Meandering / Meaning

Meandering Monday about Euphemisms

I hate euphemisms.

Euphemisms are words and phrases we choose to employ instead of what we really mean. We either choose to replace the proper word through some idea that there are some things we shouldn’t say in “polite” company, or we are brow-beaten into accepting the replacement for political correctness.

Some euphemisms are more annoying than harmful. It used to be that we would admit to having PROBLEMS, but now we have OPPORTUNITIES. We say it, as though we’re just trying to be positive, but it’s an inside joke we share with a wink and a nod – we all know they are still problems.

Rather than calling people with medical conditions or disadvantageous physical characteristics HANDICAPPED (or short, or fat, or any number of more exact descriptors), we refer to them as “-hyphen-“ CHALLENGED. I wonder if that’s a nice thing to do to someone – it feels like we’re minimizing the difficulties they live with into something with which they should easily be able to cope. What do any of us know about the lives of the “challenged”? Is it really our place to make those kinds of judgements?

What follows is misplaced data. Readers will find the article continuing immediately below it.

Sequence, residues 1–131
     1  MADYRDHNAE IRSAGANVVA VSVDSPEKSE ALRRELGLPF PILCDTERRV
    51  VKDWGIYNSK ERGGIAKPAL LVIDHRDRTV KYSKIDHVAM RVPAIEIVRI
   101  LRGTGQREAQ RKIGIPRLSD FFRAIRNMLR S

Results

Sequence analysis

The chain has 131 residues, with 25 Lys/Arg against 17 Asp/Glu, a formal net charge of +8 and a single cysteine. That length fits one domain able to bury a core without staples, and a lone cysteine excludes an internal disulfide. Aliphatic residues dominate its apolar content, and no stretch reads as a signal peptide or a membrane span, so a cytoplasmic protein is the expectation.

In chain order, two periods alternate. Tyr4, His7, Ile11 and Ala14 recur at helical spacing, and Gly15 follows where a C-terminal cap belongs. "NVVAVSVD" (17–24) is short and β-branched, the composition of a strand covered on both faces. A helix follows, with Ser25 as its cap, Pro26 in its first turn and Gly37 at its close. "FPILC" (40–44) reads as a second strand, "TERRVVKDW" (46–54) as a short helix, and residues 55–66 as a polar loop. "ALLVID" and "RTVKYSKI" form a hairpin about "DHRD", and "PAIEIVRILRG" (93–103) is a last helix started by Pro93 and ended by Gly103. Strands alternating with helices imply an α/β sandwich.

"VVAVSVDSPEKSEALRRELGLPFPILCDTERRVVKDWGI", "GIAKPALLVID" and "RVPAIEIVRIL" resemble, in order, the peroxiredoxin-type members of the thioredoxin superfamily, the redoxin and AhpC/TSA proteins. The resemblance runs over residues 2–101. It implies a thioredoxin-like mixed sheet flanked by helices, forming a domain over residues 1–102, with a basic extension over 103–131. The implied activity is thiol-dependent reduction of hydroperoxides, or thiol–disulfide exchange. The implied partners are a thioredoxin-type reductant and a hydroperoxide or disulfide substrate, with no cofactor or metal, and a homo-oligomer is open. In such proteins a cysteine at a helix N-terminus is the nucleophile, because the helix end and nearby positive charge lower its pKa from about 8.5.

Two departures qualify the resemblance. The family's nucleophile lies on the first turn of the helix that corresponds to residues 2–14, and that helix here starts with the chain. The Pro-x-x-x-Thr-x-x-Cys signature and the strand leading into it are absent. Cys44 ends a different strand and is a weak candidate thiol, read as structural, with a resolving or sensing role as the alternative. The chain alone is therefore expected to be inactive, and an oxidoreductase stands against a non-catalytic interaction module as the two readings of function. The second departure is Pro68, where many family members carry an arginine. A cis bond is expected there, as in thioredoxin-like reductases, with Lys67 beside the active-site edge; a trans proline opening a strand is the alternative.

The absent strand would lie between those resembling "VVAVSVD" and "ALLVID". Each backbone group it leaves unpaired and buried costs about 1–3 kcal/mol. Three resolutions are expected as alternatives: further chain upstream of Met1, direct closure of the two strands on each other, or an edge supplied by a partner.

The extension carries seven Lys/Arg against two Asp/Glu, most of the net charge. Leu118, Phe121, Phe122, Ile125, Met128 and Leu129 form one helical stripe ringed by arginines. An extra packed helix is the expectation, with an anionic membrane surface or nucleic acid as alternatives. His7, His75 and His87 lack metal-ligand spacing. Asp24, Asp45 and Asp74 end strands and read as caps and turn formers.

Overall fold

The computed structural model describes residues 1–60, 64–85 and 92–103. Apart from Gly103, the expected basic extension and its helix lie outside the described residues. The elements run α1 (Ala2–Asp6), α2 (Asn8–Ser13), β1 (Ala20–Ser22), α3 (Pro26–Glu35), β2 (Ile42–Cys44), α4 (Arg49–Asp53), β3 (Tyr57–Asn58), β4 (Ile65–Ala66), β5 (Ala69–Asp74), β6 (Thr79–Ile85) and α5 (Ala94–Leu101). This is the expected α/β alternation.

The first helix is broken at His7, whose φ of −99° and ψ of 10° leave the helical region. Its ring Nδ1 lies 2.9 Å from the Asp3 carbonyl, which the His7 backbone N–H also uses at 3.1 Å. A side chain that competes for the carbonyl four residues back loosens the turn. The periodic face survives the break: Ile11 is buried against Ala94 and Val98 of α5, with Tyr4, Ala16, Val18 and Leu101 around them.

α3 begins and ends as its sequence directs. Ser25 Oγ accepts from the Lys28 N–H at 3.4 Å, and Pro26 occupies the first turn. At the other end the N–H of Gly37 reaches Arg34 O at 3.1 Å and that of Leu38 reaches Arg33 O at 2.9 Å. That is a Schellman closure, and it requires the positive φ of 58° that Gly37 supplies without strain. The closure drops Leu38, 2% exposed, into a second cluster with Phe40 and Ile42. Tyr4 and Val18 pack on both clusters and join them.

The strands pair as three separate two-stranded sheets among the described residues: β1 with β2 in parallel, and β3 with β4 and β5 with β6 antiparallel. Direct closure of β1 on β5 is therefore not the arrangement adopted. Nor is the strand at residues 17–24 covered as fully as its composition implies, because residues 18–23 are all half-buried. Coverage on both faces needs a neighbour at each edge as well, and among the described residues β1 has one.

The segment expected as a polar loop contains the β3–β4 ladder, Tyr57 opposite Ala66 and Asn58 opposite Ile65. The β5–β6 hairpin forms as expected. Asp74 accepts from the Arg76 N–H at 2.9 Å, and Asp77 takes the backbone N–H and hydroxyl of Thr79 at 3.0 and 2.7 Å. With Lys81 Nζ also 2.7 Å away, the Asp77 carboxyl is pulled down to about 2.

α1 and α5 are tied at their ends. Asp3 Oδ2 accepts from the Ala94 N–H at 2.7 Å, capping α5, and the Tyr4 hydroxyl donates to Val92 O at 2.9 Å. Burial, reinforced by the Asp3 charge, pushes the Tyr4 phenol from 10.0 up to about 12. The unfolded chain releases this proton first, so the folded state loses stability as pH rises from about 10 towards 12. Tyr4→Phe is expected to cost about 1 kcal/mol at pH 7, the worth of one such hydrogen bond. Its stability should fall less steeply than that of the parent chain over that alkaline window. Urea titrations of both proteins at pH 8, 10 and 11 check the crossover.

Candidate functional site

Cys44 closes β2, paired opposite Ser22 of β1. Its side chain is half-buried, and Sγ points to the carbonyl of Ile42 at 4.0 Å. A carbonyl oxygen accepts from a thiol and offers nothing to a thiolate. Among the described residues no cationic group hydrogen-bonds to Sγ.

There are unintentional consequences to euphemisms – our meanings become less clear. Some decades back, it was decided to stop referring to people as mentally retarded, or as having a mental illness, and opted to start calling them SPECIAL instead, because those MENTAL words carried a stigma that we didn’t want to lay on the people with those conditions. Unfortunately, everyone who heard someone referred to as SPECIAL knew what the euphemism meant. And it confused things more – I knew a child who wasn’t CHALLENGED and was told he was a SPECIAL boy, which got him asking his parents if there was something wrong with him, and if that was why he was being called SPECIAL.

Spreading the misery and confusion is the opposite of clarifying, and certainly doesn’t help anyone.

Let’s try getting back to saying what we mean. Just saying…


ReiningCatsAndDogsCoverWilliam Mangieri’s writing – including his most recent release “Reining Cats and Dogs” – can be found in many places, including:
• Smashwords:
• His Amazon Author page:
• Barnes & Noble:

• His site on WordPress:
• “William Mangieri’s Writing Page” on Facebook at:
• His Goodreads author page:
• Or on twitter: @WilliaMangieri

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